Professor Jost also criticizes the Stupak Amendment because, as he writes, "it essentially applies the Hatch amendment [sic], which has long applied to Medicaid program, to all of the new programs created under the House bill." Now, leaving aside the fact that the Hatch Act applies to campaign contributions from federal employees and the Hyde Amendment bars federal Medicaid funds from being used for abortion, Professor Jost has given a fair description of what abortion neutrality looks like: The restrictions on the use of federal funds through Medicaid should apply to federal funds in any new government arrangements set up by the health care reform bill.
Now, to be clear, the final Stupak language goes beyond Hyde. It not only prevents plans that cover abortion from receiving government subsidies, at also bans any such plan from participating in the exchanges being set up. So, a woman who will be paying entirely for her own coverage, with no government subsidy, is still prevented from getting a plan that covers abortion. This is the provision that I think has most angered women and it is also the provision that can be dropped without breaking the compact with Stupak and his supporters to achieve a meaningful ban of the use of federal funds for abortion. I would prefer to keep the language, of course, but if either side is looking for a compromise, there it is. In the real world, of course, what will happen whether Stupak is touched or not, is that insurance companies will develop policy riders that cover abortion for women to purchase with their own money and, because abortion is not an expensive procedure, the riders will be very inexpensive. Women are not being cast back into the back-alleys as some have claimed.
What should be clear, crystal clear, is that many of us who support health care reform, who backed the President in part because of his pledge to accomplish health care reform, also cringe at the prospect of health care reform being hijacked by Planned Parenthood to increase abortion coverage with our tax dollars. There is no going back to the Capps Amendment which was always too clever by half. Yes, abortion is different from other procedures. There is no misogyny in the Church’s position: We stand alike with the unborn females and the unborn males. Even more, we stand with women who might think an abortion is a "solution" to their "problem" but who will discover that abortion is not a solution to anything. Of course, we in the pro-life movement must also make sure that we are doing everything in our power to help women see that a pregnancy is never just a problem either. Calling Nancy Pelosi a murderer doesn’t help anything.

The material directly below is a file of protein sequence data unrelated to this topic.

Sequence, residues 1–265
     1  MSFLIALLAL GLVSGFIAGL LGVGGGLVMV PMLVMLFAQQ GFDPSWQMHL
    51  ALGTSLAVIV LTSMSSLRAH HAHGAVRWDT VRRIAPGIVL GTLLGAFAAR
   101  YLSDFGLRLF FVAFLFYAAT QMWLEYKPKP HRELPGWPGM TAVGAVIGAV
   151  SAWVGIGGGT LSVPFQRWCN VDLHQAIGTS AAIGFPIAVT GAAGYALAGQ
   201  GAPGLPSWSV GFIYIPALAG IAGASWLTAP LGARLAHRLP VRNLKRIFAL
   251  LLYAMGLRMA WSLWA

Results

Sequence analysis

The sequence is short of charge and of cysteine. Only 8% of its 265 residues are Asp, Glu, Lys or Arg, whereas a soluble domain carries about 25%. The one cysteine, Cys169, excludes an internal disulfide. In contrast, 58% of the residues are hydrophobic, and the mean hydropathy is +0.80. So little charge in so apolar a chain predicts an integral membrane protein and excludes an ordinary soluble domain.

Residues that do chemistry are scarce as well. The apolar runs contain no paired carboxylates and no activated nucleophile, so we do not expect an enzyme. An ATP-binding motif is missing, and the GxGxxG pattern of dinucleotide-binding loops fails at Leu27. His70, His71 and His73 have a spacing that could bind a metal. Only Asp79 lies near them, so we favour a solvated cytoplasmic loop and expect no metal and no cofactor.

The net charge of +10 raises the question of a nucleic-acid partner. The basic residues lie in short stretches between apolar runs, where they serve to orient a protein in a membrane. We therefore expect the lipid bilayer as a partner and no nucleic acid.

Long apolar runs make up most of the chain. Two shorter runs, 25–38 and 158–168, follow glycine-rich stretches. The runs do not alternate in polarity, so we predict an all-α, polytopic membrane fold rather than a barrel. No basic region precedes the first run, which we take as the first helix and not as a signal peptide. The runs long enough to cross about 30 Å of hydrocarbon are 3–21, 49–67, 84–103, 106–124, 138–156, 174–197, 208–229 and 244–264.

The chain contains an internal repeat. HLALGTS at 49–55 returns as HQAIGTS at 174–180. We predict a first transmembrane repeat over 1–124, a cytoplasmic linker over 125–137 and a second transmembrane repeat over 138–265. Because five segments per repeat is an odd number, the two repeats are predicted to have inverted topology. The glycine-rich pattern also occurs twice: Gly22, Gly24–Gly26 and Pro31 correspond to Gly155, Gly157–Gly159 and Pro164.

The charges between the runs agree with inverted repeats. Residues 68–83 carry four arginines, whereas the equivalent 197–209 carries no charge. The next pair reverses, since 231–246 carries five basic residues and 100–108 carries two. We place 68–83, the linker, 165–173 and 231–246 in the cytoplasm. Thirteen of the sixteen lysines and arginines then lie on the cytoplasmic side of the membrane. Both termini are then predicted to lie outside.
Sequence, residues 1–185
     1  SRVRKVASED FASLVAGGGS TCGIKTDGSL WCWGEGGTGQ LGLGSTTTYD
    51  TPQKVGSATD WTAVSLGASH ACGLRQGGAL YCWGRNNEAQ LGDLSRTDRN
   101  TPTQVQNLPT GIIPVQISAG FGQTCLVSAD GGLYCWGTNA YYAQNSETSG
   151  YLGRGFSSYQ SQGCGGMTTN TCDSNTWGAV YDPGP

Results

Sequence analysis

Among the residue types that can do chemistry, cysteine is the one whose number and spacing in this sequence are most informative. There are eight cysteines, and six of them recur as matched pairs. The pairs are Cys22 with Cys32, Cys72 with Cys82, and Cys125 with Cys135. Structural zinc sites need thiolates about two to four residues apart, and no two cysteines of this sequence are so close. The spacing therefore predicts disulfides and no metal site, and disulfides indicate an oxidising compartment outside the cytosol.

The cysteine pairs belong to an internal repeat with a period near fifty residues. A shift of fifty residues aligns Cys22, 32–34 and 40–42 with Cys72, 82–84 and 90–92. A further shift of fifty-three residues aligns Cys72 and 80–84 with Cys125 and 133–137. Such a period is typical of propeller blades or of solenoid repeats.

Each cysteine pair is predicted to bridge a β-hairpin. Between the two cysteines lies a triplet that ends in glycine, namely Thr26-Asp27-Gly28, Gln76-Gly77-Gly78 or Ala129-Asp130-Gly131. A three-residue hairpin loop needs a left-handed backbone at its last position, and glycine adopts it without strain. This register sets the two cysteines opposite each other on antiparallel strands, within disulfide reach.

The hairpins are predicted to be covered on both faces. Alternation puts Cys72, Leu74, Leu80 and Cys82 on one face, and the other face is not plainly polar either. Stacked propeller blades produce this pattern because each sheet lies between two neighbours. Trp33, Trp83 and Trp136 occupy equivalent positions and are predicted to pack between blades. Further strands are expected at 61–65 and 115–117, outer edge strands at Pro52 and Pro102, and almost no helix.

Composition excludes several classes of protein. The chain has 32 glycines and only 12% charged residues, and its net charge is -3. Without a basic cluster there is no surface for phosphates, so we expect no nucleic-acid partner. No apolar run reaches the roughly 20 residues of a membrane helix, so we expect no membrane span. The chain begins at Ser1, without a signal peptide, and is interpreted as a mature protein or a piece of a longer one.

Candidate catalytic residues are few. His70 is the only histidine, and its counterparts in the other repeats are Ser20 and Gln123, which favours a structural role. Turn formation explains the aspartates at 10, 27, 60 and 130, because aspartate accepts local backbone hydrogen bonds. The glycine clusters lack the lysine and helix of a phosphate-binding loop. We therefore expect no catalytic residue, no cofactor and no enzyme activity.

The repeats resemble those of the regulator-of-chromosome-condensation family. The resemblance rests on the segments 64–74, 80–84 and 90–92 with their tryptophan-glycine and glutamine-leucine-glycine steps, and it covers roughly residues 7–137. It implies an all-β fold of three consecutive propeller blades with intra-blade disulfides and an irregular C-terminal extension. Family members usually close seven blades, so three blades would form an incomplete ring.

But, here is the difficulty. The fact that there are actual solutions at hand doesn’t always matter. The Stupak Amendment has taken on symbolic importance, and while people will compromise over pragmatic solutions, they will fight to the death for a symbol. Members of Congress should be urged to remember, as President Obama said, that this is a health care bill not an abortion bill. Yes, you can’t achieve the first kind of bill without confronting the same thorny issues that would be raised by the second kind of bill. Those thorns, however, can be dealt with so long as members determine not to invest their political stances with more symbolism than the occasion requires. Yes, issue your statements to appease your constituencies, but leave the hubris at the door. Health care reform is too important.
Michael Sean Winters